The Rise of Skydio

The Redwood City, Ca.-based drone manufacturer began in 2014, when Adam Bry, Abe Bachrach, and Matt Donohoe, came together to create a system for self-navigating drones (read more about that here).  

Starting with the Skydio R1 in 2018, then the Skydio 2 in 2019, Skydio showcased its expertise in AI and autonomous flight capabilities. Now, the company’s technology is so well respected that the FAA granted the North Carolina Department of Transportation (NCDOT) statewide approval to fly Skydio drones during bridge inspections beyond visual line of sight in October 2020.

But, what really set the stage for Skydio, especially in the United States, was the General Service Administration’s Blue sUAS program, which eliminated foreign drone availability in federal agencies.

Over the last five years, the consumer and prosumer drone market has been dominated by DJI.

While there were many other manufactures in the space, it seemed like the commanding share of the market in DJI’s grip would never be relinquished by the Shenzhen-based juggernaut. Towards the end of 2017, that began to change.

In a United States Navy memorandum titled, “Operational Risks With Regards to DJI Family of Products,” concerns were raised over potential intelligence risks from the widespread use of off-the-shelf camera drones.

Essentially, the naval intelligence community believed the drones were too easy to hack and thus provided a method for adversaries to spy on military operations. The Pentagon soon banned the use of all DJI drones.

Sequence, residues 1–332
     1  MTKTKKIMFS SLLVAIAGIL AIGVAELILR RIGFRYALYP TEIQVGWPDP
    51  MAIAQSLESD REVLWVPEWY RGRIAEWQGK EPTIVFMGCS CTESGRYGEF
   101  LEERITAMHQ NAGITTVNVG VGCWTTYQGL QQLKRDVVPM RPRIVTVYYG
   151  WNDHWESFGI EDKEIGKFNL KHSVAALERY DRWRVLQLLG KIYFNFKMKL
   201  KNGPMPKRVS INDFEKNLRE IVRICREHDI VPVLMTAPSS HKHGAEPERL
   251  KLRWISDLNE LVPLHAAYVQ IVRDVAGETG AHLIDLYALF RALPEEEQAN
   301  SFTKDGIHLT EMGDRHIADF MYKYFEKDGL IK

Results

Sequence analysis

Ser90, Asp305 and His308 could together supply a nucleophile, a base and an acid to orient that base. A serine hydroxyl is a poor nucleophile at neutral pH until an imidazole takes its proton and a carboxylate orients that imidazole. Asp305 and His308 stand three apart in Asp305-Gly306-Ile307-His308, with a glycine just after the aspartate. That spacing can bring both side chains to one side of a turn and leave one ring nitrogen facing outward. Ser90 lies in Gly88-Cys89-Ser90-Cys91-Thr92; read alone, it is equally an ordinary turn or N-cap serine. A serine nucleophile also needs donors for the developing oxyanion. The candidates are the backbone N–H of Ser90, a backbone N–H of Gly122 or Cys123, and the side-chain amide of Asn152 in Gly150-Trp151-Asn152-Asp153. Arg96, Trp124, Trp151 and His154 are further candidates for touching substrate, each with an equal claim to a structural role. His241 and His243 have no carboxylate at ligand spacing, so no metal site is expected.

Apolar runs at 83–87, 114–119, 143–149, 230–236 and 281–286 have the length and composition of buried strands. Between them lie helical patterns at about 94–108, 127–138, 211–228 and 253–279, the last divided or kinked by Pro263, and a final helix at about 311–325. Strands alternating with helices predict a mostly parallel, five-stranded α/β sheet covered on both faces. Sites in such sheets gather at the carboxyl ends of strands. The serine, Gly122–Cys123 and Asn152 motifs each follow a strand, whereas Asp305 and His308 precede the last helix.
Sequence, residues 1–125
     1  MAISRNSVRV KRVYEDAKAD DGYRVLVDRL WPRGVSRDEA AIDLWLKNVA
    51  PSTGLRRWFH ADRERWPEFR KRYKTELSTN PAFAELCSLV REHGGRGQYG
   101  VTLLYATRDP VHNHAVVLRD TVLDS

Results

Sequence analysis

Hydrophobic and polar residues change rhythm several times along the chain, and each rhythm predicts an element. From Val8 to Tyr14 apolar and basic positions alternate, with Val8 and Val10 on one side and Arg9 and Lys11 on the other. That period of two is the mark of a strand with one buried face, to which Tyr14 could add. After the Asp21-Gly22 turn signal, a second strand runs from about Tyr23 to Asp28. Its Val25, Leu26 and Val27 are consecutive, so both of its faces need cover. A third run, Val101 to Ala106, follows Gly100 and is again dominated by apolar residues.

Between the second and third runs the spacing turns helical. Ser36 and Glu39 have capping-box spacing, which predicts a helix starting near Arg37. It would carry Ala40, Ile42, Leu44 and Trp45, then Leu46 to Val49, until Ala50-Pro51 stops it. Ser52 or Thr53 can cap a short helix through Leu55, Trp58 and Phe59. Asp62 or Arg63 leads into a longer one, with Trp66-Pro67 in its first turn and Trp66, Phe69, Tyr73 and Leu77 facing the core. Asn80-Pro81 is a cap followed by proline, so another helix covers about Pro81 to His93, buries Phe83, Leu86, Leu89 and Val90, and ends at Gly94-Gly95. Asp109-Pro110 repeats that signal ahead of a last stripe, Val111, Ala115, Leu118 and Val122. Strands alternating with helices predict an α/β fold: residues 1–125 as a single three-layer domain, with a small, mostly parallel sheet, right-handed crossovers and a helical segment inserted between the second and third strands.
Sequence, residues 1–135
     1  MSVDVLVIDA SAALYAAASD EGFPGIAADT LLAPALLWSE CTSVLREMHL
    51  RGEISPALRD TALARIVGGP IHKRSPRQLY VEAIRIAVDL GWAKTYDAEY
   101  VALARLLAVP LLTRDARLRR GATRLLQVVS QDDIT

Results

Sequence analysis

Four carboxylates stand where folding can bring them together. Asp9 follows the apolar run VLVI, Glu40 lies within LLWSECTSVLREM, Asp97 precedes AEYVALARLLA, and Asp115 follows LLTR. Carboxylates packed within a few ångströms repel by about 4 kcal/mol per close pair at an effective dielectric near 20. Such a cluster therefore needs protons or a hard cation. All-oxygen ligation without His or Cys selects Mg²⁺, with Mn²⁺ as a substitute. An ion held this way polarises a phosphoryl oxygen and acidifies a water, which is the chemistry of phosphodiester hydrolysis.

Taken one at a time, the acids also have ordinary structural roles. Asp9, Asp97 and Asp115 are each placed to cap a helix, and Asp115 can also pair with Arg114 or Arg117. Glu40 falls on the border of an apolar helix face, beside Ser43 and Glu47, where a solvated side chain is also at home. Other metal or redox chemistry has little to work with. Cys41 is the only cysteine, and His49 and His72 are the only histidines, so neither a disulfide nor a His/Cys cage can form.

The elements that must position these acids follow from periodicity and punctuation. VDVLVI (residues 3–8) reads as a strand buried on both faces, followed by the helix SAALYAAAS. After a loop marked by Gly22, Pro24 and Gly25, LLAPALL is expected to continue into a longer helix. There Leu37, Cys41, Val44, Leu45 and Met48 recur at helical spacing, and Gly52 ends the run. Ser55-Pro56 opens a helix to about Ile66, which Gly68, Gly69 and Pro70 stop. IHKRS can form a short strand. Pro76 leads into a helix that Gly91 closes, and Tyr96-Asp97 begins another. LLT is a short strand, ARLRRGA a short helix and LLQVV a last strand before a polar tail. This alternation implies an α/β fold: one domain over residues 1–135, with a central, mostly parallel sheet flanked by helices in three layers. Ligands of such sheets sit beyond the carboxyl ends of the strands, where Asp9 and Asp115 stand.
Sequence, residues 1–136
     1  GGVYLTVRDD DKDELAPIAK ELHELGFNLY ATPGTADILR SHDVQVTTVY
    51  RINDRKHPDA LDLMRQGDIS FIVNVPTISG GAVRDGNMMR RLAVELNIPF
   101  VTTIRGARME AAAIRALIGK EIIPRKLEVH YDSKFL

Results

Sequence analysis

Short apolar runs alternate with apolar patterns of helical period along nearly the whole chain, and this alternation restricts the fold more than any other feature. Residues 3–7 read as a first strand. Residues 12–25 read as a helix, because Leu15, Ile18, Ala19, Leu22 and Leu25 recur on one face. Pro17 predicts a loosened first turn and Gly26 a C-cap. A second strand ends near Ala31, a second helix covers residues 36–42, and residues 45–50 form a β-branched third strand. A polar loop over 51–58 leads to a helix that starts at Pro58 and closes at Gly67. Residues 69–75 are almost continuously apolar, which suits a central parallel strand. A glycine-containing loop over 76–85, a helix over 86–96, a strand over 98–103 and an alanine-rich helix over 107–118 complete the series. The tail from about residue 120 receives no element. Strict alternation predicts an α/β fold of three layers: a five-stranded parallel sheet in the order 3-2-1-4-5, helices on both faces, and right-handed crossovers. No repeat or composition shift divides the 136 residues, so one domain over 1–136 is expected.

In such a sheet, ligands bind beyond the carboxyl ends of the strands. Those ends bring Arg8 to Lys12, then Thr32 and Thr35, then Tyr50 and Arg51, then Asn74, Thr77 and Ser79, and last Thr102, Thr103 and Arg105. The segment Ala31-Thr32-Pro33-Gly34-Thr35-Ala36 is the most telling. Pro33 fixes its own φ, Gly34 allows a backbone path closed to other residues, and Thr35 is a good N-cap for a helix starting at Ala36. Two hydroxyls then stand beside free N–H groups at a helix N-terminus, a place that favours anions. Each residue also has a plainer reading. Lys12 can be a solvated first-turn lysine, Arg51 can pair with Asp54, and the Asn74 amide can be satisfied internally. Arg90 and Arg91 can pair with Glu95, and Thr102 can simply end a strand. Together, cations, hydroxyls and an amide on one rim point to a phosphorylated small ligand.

This action opened the door for other manufacturers to fill the void left by a fleet of DJI drones that were now off limits to government agencies.

To encourage manufacturers to provide small drones for military use, the United States DoD Defense Innovation Unit (DIU) started the Blue sUAS program in 2018. The DIU initially selected five companies to provide small UAVs for military and government entities.

The move fueled a renewed strength in the United States domestic drone manufacturing market. As a result, Skydio’s innovation and proximity put the company in a great position to thrive.

To put this in perspective, the company’s seed funding in 2015 totaled $3 million. As of March 2021, just prior to the X2’s release, Skydio was valued at $1 billion. With its implementation of the X2D for military us, that number stands to increase even more in the coming months.

Bringing It All Together

As it stands, Skydio currently serves 11% of all public safety drone fleets.

And, the stage is set for the company to go toe-to-toe with DJI in the industrial-application space. The future looks bright for the drone industry as whole, as more and more drone manufacturers will bring new innovation to the market in order to compete with one another’s ground-breaking technology. We look forward to it, and we hope you do, too!

Is the Skydio X2 the right drone system for you and your organization? We can help you make the best decision, and to put the right drone program in place!

Implementing a drone program isn’t always easy, but our team of UAS experts will help you navigate the hardware, software, rules, regulations and safety plans so that you can make the most of your time and budget.

At Consortiq, our trained remote pilots do everything from consultation and drone training to actually completing the missions for you.

Ready to get started? Book a consultation today by completing the form below, or by calling us at 1-855-203-8825 (United States) or +44 (0)203-970-2921 (United Kingdom).

With drones, there’s always a better way!

David Daly - Contributing Author

David Daly - Contributing Author

David Daly, is an award-winning photographer/writer and licensed (FAA) Commercial sUAS pilot. A graduate of the United States Naval Academy, David is a former Marine Corps officer with a BS in Oceanography and has earned his MBA from the University of Redlands. David has worked for Fortune 100 companies and has a background in aerospace, construction, military/defense, real estate, and technology.